Durham Councillors will next week consider how the Government’s latest cutbacks will heap further strain on the local authority.
Durham Council were told to save a whopping £190m between 2011 and 2017 – but has already made savings of £90m in the first two years.
But councillors will hear next (Wednesday 16th Jan) how more changes to the way central Government money is distributed will mean Durham will get a significantly-reduced allocation.
When members of Durham County Council’s Cabinet meet to consider an update on the authority’s Medium Term Financial Plan (MTFP), it will include what impact the latest Government settlement has had on the council’s budget plans.
And they’ll learn what the public say about how the authority is handling the large budget cuts it faces.
While more than £90m has already been saved, with work underway on a wide range of other financial reviews, councillors will be advised that precise planning continues to be difficult in light of uncertainties surrounding funding for education and public health.
And the council has yet to identify savings of nearly £53m which will be necessary between the years 2014 and 2017.
Managing the budget available has meant many difficult decisions have had to be made on what is affordable and some significant changes have had to be introduced to save money while protecting, wherever possible, frontline services.
Throughout this process speaking to residents to understand how they have been affected by reductions or changes to services has been a key element.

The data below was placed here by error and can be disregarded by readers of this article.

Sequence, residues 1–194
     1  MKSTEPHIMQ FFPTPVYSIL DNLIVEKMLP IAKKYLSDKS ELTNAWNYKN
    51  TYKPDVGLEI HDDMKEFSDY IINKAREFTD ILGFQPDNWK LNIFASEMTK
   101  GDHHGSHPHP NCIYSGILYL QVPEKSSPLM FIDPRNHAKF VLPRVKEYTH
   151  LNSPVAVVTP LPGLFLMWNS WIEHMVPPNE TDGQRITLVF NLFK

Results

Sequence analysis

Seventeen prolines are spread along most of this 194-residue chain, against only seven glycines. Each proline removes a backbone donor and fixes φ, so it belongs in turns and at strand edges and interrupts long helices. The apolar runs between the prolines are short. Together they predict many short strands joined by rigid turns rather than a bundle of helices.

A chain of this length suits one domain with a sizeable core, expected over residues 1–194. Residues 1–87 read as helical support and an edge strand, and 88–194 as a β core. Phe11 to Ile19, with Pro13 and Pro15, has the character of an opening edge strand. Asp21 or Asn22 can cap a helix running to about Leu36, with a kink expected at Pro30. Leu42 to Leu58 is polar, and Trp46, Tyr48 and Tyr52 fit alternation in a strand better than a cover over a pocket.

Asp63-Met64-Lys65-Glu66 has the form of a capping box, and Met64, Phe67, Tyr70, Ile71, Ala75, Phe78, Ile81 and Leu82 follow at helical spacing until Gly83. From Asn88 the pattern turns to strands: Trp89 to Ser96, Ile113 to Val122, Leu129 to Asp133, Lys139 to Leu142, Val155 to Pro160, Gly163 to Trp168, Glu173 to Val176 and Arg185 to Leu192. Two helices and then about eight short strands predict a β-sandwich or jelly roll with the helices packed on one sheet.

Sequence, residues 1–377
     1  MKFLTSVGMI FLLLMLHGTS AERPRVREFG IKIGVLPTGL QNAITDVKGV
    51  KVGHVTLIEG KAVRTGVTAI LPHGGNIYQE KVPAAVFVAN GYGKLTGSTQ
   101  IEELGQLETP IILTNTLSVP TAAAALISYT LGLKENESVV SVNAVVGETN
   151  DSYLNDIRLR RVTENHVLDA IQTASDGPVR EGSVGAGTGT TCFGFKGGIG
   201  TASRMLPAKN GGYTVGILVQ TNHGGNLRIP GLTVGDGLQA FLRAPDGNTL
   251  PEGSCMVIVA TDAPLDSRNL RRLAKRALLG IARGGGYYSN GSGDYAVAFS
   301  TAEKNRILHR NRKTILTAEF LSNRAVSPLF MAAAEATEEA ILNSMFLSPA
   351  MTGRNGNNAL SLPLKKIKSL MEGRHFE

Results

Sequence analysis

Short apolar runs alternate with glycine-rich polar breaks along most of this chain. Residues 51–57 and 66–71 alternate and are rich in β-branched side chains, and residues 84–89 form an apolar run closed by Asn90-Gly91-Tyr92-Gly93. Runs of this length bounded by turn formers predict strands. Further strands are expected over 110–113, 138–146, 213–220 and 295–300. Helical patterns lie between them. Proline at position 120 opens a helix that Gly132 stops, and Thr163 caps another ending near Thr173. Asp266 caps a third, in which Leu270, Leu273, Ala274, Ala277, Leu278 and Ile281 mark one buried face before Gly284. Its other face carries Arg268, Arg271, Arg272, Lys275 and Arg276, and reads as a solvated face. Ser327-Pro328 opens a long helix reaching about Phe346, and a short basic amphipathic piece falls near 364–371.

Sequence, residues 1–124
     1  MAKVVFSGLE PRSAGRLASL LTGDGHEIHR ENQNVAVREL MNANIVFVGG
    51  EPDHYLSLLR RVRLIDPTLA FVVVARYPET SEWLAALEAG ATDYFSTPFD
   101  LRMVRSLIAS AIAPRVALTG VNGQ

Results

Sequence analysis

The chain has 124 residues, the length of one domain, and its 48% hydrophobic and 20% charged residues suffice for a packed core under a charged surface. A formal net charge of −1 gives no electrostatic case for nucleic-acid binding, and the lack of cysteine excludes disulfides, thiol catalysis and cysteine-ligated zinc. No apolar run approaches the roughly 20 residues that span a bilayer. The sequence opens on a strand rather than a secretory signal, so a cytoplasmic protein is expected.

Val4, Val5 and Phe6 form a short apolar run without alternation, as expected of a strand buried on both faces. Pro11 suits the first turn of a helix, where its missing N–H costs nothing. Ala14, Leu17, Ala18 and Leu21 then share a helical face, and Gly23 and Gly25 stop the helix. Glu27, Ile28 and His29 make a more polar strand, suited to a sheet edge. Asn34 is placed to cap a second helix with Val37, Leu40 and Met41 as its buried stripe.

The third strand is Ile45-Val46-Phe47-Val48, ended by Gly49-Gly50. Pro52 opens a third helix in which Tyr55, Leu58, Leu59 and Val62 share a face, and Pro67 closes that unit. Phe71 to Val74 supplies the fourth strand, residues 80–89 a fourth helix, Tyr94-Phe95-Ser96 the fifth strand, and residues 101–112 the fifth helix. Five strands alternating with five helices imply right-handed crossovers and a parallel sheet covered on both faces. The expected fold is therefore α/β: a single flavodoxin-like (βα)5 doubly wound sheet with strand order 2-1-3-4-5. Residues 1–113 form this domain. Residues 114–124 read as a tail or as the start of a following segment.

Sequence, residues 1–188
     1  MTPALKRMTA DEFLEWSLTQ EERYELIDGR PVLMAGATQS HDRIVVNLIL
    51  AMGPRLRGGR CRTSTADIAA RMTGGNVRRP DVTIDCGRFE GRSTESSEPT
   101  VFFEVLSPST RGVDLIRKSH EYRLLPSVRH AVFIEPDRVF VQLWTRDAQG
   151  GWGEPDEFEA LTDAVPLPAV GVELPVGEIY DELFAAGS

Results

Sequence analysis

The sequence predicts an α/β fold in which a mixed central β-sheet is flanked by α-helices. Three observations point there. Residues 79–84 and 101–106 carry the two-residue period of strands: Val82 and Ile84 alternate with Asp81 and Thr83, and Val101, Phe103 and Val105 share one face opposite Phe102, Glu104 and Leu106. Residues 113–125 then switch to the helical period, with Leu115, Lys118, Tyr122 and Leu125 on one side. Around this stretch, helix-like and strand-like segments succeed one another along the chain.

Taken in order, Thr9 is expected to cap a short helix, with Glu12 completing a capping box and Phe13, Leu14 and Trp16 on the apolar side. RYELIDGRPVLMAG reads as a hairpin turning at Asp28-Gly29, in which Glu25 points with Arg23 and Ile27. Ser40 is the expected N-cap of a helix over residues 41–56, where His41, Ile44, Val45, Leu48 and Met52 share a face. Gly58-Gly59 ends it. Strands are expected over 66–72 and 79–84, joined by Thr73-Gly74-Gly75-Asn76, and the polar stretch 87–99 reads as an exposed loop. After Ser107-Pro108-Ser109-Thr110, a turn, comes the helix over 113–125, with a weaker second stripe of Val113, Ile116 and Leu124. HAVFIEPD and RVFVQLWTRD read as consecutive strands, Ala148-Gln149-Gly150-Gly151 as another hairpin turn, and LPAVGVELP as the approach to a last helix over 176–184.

Most recently members of the public – via the councils 14 Area Action Partnerships, the Citizens’ Panel and targeted questionnaires – were asked for their views on how they felt the council had managed the spending cuts to date.
More than 1,500 people responded and the results reveal there is a high level of public satisfaction with how the authority has managed a very difficult process so far.
Included in the responses received is the fact that some 40 per cent of people felt that the introduction of Alternate Weekly Collections for refuse and recycling had had a positive impact on them, with only 12 per cent reporting a negative impact. This change alone is already saving the council over £2m a year.
When asked about managing future spending people said they wanted regular consultation on key decisions to continue and to see the council’s management and structure under continued review as well as consistent moves to smarter ways of working.
Cllr Simon Henig, Leader of Durham County Council, said: “We are making extremely tough decisions in very difficult financial times and it is pleasing to see the public response is largely positive to the way we have managed this situation so far.
“The uncertainties around some key budgets mean there may be a need for further financial adjustment when we make our final budget decisions in February but we have promised to continue our discussion with the public so that we fully understand the impact these decisions have on our communities
“I would like to thank everyone who has helped us during this process by taking part in the many consultations that have been necessary and to say that we will continue to listen to their views moving forward.”
While last month’s settlement was broadly what the authority had predicted, due to the uncertainties in some areas of funding nationally it is possible that further revisions will need to be made.
However, Cabinet members will be asked to note the contents of the report and the impact of the local government settlement on the council when they meet at Crook Civic Centre next week.
A further report will be taken to Cabinet next month (February 6) before County Council approve the budget at a meeting on February 20.